The Balance line was a big world-shaker for pen makers, quite upsetting the shape of pocket pens. Prior to the Balance’s appearance, the shape of all pens was very much the same: a cylinder with a squared-off end with another slightly wider and similarly flat-topped cylinder for a cap. There may have been a slight tapering in the tail to allow the cap to be posted, but even this small angle may not necessarily have appeared. The Balance completely changed that, and as I mention in the main page for this maker, it seems to have set in the mind of the public what shape a pen should be with such firmness that the impression remains more than eighty years later.
This new shape did not occur in an utter vacuum. The new notion of streamlining was just starting to come into play as an extension of the Art Deco movement which had given so much of a distinctive look the 1920s, and streamlining was very much about knocking the corners off of stuff. As with the use of plastics, Sheaffer contrived to get in at the head of the line, or at least near enough the head that everyone remembers seeing them up there. The profile of the Balance was very like that of a Zeppelin absent the fins, and in 1929 it was hard to find a more aerodynamic form than that. This reshaping also had the effect of moving the centre of balance of the pen slightly towards the point, which made it more comfortable to use; I somewhat doubt this was any more than a happy accident developing out of a purely looks-based restyling, but it was certainly seized upon by Sheaffer’s ad-men. Update: a rather better scholar than myself has produced an article examining the precursors of the Balance, some of whom were not made by Sheaffer and date from the previous decade(!); I heartily recommend having a look.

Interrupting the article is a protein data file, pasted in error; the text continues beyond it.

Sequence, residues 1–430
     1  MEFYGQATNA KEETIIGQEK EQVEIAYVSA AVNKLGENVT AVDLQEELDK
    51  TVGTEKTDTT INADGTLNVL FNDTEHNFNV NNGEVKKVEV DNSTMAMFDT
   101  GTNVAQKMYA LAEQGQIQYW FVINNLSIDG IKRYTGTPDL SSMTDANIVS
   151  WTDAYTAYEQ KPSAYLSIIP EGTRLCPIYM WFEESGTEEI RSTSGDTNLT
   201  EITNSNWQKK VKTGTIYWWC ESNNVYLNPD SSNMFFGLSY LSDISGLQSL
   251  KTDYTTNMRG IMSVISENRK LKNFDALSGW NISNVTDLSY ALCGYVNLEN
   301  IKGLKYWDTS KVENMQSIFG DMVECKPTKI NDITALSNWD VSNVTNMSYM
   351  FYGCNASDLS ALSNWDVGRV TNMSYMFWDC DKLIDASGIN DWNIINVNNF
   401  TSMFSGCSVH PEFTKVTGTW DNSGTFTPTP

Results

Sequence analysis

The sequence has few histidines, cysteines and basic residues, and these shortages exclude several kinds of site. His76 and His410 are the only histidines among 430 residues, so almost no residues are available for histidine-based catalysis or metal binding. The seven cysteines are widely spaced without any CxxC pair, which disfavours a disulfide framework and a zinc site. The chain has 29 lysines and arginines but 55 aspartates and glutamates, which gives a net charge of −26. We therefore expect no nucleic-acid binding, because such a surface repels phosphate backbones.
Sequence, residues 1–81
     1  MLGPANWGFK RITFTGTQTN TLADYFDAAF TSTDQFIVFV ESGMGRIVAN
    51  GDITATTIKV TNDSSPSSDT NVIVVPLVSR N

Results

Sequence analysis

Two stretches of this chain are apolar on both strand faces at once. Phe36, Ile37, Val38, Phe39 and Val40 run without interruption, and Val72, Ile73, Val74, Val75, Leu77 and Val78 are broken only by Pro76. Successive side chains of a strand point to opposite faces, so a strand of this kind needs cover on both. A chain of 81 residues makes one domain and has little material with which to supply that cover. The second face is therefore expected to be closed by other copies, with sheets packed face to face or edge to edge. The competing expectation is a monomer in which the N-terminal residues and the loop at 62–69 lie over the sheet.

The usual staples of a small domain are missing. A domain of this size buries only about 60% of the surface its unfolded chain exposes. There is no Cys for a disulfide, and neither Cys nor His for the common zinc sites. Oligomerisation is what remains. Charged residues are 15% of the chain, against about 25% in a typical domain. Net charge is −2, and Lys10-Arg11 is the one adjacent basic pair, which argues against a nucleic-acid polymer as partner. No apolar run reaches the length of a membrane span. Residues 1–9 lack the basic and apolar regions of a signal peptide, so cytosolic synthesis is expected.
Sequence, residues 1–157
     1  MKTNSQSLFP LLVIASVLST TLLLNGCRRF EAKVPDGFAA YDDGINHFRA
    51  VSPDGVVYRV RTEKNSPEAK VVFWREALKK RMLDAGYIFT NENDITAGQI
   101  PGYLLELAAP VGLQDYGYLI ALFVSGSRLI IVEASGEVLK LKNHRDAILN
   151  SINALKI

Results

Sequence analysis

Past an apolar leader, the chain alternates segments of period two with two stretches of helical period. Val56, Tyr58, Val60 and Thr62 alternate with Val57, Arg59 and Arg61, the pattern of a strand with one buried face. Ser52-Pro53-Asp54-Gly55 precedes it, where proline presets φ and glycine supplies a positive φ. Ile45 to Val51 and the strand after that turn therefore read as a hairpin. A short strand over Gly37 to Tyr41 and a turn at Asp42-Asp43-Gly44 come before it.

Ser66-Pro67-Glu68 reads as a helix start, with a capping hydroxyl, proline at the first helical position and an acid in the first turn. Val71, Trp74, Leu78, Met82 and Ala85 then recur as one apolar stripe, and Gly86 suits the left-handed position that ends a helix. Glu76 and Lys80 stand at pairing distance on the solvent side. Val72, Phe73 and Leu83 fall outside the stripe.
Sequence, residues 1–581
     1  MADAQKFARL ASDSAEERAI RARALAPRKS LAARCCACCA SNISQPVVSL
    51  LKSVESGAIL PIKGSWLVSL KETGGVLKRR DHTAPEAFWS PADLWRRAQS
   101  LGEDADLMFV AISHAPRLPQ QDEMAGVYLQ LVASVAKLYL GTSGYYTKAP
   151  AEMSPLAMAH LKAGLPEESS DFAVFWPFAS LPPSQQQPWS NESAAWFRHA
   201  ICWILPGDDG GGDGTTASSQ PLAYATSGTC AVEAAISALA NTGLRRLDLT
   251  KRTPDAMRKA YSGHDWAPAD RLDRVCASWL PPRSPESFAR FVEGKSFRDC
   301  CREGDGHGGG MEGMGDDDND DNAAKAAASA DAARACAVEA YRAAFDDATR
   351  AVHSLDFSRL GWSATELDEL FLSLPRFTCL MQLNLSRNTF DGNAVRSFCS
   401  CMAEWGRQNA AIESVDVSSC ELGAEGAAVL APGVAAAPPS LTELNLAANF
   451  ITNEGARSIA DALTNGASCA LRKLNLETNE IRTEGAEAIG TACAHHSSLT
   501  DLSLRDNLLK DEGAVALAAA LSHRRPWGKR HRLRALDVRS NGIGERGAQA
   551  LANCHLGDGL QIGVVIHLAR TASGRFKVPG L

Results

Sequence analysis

Mechanically, the first Balance pens were not much different from the pens which preceded them, with the same fillers, points and feeds. Even the clips remained the same as on the flat-tops, initially. In 1934, Sheaffer began to offer the Balance line with vacuum fillers, in competition with the Parker Vacumatic. The Parker pen claimed to be sacless, which as I mention on its page is somewhat spurious, and the new vacuum system was Sheaffer’s answer to them. This was a sacless pen indeed, with almost the whole of the interior space available for ink storage. Sheaffer did not, however, give up on the lever-filler, and both fillers were available side by side at the same price; I imagine the balancing act the buyer went through was one of enhanced ink capacity versus a more tried system which didn’t rely on some seals to keep ink from coming out a hole in the pen’s tail.
Apart from internal capacity, there were a couple of small differences between the two styles of Balance. Most vacuum models had transparent panels in the bodies, with either a full length window or alternating lengthwise stripes of coloured and clear celluloid. In the lever models, the section sported a transparent area which would appear dark until the final few drops of ink were passing into the feed; a mere warning light as opposed to the fuel-guage enjoyed by the vacuum versions. There were also, of course, the external manifestations of the fillers, with the pen showing either a lever in the side or a blind cap.